In another bid to build a more equitable and respectful workplace, Google has announced new measures that include new care programmes for employees who report concerns, and making arbitration optional for Google employees.
The company said it is setting up a new Diversity, Equity and Inclusion (DEI) Advisory Council to advise on and oversee these efforts that will report to the Leadership Development and Compensation Committee of the Board (LDCC) on a quarterly basis on the company’s progress.
“We’re building on our current practice of prohibiting severance for anyone terminated for any form of misconduct, and expanding the prohibition to anyone who is the subject of a pending investigation for sexual misconduct or retaliation,” Eileen Naughton, VP, People Operations, said in a statement on Friday.
Google managers will receive guidance instructing them on how misconduct should impact an employee’s performance evaluation, compensation decisions, and promotion outcomes.
“If there are allegations against any executives, a specialist team will be assigned and the results of any case will be reported to the Board’s Audit Committee,” Naughton said.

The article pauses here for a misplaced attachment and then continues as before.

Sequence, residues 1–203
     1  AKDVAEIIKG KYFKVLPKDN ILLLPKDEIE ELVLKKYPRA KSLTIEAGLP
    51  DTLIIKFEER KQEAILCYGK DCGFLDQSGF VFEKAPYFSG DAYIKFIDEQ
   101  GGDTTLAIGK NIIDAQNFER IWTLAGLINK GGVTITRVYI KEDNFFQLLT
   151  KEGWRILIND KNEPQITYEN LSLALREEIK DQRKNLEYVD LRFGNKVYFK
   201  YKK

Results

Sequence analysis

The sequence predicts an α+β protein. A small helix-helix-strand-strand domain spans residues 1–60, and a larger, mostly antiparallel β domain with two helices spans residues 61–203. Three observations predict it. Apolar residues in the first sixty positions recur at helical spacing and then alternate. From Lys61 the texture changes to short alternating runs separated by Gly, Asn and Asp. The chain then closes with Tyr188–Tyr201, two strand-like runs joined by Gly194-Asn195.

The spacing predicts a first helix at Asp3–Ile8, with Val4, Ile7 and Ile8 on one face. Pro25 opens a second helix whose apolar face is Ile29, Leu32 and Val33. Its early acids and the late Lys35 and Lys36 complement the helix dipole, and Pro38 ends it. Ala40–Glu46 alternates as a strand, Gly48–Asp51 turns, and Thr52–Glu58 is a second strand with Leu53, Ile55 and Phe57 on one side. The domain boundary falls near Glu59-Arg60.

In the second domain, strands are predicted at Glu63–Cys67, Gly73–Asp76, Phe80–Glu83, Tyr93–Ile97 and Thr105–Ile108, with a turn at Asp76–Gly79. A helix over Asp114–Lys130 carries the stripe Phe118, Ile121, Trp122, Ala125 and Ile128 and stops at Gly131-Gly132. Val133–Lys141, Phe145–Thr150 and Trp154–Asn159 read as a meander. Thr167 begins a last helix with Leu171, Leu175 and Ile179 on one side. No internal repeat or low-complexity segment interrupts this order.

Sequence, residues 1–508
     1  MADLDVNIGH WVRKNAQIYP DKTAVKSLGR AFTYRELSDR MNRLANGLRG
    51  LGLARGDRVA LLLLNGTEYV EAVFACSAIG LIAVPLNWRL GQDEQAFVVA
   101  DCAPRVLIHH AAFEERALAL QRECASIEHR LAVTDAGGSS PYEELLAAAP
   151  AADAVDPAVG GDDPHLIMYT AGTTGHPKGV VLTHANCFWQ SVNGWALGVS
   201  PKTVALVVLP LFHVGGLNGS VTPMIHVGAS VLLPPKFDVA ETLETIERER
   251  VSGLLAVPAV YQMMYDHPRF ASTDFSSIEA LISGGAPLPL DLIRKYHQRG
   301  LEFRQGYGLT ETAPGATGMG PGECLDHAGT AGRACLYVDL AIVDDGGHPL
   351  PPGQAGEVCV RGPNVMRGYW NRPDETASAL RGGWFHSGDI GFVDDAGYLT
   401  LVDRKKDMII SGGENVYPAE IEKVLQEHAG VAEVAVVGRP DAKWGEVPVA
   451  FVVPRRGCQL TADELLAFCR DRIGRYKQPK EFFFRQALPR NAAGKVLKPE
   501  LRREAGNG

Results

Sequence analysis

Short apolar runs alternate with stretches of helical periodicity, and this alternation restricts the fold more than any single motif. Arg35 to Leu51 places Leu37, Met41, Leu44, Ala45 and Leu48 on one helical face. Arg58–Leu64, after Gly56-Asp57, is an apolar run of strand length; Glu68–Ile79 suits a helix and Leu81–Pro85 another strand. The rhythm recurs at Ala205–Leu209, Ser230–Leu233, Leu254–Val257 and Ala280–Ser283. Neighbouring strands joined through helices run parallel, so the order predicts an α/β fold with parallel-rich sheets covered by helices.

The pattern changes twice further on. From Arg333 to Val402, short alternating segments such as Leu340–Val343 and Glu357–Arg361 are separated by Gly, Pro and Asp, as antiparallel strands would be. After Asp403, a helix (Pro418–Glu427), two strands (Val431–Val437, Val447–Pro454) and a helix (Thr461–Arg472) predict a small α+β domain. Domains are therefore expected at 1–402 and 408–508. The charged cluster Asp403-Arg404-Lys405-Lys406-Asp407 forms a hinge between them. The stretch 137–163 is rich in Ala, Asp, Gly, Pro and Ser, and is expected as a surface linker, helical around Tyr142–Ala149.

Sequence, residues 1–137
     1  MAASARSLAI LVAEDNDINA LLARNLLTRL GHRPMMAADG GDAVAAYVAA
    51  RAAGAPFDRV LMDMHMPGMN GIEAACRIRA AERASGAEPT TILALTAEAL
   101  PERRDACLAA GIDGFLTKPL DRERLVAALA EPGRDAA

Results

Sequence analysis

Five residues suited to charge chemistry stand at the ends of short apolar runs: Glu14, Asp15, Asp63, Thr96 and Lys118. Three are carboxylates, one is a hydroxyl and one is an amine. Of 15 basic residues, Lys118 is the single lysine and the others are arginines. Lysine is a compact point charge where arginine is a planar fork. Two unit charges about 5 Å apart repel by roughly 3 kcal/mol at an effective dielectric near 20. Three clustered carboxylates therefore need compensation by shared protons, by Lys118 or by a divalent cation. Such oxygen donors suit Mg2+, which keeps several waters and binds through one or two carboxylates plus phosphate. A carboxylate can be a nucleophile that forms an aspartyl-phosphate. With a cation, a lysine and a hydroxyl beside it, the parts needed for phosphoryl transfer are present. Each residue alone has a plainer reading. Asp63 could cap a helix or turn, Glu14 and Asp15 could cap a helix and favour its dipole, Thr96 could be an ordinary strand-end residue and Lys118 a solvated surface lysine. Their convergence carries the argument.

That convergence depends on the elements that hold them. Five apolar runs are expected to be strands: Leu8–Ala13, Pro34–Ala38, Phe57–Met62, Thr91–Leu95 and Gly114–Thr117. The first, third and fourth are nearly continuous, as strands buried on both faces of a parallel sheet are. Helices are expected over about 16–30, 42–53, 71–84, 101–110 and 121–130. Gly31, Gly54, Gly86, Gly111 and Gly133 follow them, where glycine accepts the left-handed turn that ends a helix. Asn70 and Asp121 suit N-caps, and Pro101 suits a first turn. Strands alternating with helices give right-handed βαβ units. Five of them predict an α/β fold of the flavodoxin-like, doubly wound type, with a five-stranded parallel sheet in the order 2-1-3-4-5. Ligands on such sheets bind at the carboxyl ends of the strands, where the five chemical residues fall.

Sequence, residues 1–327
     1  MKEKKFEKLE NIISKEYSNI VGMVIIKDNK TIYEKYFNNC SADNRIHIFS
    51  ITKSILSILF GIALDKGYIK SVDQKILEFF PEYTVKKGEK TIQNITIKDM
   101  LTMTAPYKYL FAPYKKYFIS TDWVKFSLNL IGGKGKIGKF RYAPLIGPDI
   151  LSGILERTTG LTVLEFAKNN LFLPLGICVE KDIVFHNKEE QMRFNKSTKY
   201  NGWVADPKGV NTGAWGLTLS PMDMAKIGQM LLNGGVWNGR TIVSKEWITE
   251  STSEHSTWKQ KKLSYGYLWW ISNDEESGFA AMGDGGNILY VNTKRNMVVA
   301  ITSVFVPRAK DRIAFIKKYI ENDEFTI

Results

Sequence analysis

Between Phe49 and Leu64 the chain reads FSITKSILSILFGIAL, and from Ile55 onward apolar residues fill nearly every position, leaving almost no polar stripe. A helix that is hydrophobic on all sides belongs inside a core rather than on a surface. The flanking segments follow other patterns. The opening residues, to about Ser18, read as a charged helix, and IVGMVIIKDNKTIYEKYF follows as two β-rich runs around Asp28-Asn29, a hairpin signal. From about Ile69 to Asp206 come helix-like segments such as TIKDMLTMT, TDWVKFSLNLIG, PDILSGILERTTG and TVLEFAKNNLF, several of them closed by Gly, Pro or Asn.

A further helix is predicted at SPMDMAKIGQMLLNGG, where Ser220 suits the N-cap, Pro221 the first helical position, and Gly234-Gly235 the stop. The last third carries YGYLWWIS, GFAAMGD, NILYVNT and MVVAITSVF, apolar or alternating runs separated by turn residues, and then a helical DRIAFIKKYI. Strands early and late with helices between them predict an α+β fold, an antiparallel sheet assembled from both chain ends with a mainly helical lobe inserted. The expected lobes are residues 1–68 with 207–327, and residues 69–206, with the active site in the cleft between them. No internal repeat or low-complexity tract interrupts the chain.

Other changes include making arbitration optional for all employees, temporary staff, vendors, and independent contractors for individual harassment, discrimination, and retaliation disputes with Alphabet, as well as following the new Alphabet model for executive investigations.
“We’ll ensure that $310 million in funding goes toward diversity, equity and inclusion initiatives and programmes focused on increasing access to computer science education and careers; continuing to build a more representative workforce; fostering a respectful, equitable and inclusive workplace culture; and helping businesses from underrepresented groups to succeed in the digital economy and tech industry,” Google said.
Together, Sundar Pichai, the DEI Advisory Council and the Board will uphold “Alphabet’s unwavering commitment to prohibit and respond effectively to complaints of sexual harassment, discrimination, and retaliation and promote diversity, equity, and inclusion in the workplace”.
“Recent years have involved a lot of introspection and work to make sure we’re providing a safe and inclusive workplace for every employee,” Naughton noted.
In late 2018, Alphabet’s Board responded to employee concerns by overseeing a comprehensive review of policies and practices related to sexual harassment, sexual misconduct, and retaliation.
An independent committee of the Board also reviewed claims raised by shareholders in early 2019 about past workplace misconduct issues, the company informed.